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Rob's Reply to Khan
Published in PEACE PARTY #2

Whew. Say g'night, Khan-Boy!

Sorry I had to trim your review, l'il buddy. As you may have heard, brevity is the soul of wit. You may want to try it sometime.

Besides, I needed more space for my response. <g>

Thanks for the "props," the "mad credit," and so forth. I'd say "I told you so," but why belabor the obvious? Let's see if I can address your comments without killing too many more trees.

The donations to Native organizations remain hypothetical until we make a profit, and the openings for Native artists remain hypothetical until we find the right people. Both are presently long-term goals.

As a self-publisher, I can't afford the "eye-popping" art of the fanboy favorites. I doubt I'd hire them if I could. I think the Fattoruso/Kelleher team did a fine job on #1, and the Dupras/Heike/Janowsky team may be even better. Both teams served the story, which is what I wanted.

You misunderstand if you think issue #1 is the quintessential PEACE PARTY story. The origin imposed certain unavoidable requirements on the narrative (e.g., gunplay and car chases). There are only so many ways to make a mountaintop scene interesting.

I agree #1 was more "bland" than future issues will be, when our subplots kick in. Issue #2 was more complex than #1 and #3 will be more complex than #2. The book will continue to evolve, which should more than satisfy your request for "change."

Eventually we'll cover the whole range of human experience—from mystery and drama to adventure and fun. Though we'll never feature the pointless sex and violence you deem necessary, we'll have goodly portions of "mainstream" heroics, with mutants, time travel, and the supernatural. This very issue features our first conniving supervillain and first horrific monster. The buildup to our first battle royale may be too slow for you, but we'll get there someday.

I've told you my audience before, but it bears repeating. The target market is young adults and adults—the older half of the market, roughly speaking. The older these readers get, the more they appreciate character. I'm trying to give them what they want.

For every writing "extreme" that's failed, I could name five or ten fanboy "extremes" that have failed. Movies based on fanboy premises (PUNISHER, SPAWN, BARB WIRE) routinely bomb. Entire companies based on fanboy fulfillment have gone belly up.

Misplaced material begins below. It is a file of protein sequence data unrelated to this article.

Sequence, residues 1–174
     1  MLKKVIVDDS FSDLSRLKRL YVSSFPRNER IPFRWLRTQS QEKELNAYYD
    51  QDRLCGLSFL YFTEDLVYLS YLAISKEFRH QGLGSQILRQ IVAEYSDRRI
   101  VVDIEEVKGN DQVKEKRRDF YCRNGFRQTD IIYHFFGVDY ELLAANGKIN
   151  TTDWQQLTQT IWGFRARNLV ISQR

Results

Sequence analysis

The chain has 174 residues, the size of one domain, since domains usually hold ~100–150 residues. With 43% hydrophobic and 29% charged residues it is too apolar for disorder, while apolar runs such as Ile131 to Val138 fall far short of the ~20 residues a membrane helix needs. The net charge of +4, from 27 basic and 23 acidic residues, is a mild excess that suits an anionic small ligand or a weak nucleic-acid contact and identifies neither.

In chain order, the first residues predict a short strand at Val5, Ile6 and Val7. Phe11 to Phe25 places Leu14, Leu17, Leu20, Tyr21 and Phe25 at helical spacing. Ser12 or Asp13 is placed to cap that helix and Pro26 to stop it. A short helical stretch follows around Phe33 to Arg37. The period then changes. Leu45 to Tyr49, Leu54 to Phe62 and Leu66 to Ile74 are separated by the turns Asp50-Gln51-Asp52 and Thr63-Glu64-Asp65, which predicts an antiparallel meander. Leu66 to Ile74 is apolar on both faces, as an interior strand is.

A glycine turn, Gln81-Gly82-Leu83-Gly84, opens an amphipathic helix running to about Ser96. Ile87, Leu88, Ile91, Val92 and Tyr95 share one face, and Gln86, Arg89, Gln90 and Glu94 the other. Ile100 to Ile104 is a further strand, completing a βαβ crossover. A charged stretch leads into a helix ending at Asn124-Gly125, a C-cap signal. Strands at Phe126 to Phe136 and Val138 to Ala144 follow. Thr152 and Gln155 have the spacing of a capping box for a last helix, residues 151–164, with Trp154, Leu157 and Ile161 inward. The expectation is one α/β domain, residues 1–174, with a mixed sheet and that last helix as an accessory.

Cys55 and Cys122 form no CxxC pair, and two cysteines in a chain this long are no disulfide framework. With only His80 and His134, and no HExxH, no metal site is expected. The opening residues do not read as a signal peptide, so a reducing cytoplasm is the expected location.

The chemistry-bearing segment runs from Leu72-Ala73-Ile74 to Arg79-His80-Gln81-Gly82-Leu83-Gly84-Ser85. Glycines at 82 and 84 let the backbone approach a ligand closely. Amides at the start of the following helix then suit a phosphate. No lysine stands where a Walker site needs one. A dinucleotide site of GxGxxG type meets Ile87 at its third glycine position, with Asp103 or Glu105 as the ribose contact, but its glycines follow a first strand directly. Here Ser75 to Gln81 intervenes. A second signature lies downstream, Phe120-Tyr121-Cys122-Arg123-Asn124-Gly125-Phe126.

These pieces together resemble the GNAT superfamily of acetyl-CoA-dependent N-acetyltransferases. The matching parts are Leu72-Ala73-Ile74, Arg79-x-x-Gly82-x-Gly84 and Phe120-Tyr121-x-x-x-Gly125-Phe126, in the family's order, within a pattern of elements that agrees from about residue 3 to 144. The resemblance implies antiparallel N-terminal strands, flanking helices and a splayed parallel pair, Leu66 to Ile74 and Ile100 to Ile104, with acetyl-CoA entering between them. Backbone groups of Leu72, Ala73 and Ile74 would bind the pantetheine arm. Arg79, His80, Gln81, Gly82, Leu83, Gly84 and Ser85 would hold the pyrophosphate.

Meanwhile, character-based comics are selling in today's market. This is a basic concept of Marketing 101. "Instead of going after a small share of a large market," writes Philip Kotler in Marketing Management, "[a] firm goes after a large share of one or a few submarkets….If the segment of the market is well chosen, the firm can earn high rates of return on its investment."

Let's go through our litany of examples again. Unlike the earlier Epic line, the Vertigo books have survived for a decade with their clear emphasis on writing. SANDMAN completed its award-winning run without noticeable sex or violence. It's now in reprints and has spun off several series. WATCHMEN and DARK KNIGHT had little sex and only the usual urban violence, none of it gratuitous. Independent bestsellers like CEREBUS and BONE continue to hold their own. Alan Moore's intelligent ABC line is selling like hotcakes. So are the mature Marvel Knights titles, where the popular INHUMANS maxi-series was almost pure characterization.

Heck, even sanitized fare like SUPERMAN and BATMAN ADVENTURES and ARCHIE continue to flourish. How do you account for ARCHIE's decades of success if fanboys rule, Khan? Simply put, the market is more diversified than you seem to realize. That the only path you see is pandering to fanboys shows your woeful lack of imagination.

If you think adults won't read PEACE PARTY, say hello to your fellow letter writers. Young-at-heart fans like Cliff Biggers, Dee Pinkney, and Bill Foster want more. They're mature enough to appreciate the thoughtful content, but youthful enough to enjoy the fast-paced action.

In short, I'm trying to occupy the center, not an extreme—the same center occupied by X-MEN in comics, The Simpsons on TV, and The Blair Witch Project on the big screen. These all became mainstream hits by taking an innovative approach—by combining new and old elements into something unique. I hope to do the same.

I'll be overjoyed if PEACE PARTY achieves the stature of SANDMAN, WATCHMEN, DARK KNIGHT, MARVELS, or Miller's DAREDEVIL—industry landmarks people will remember 100 years from now. I'll settle for the rewards of doing a Native American version of the Claremont/Byrne X-MEN or the Wolfman/Perez TITANS. These are the books I'm aiming at, and their readership is my readership. They've proved that sophisticated comics for a smart audience can succeed.

'Nuff said.


Related links
Khan questions Rob's motives for doing PEACE PARTY
Indian comics:  Art vs. propaganda
Defining great American literature
The political in literature
X-MEN marks the spot

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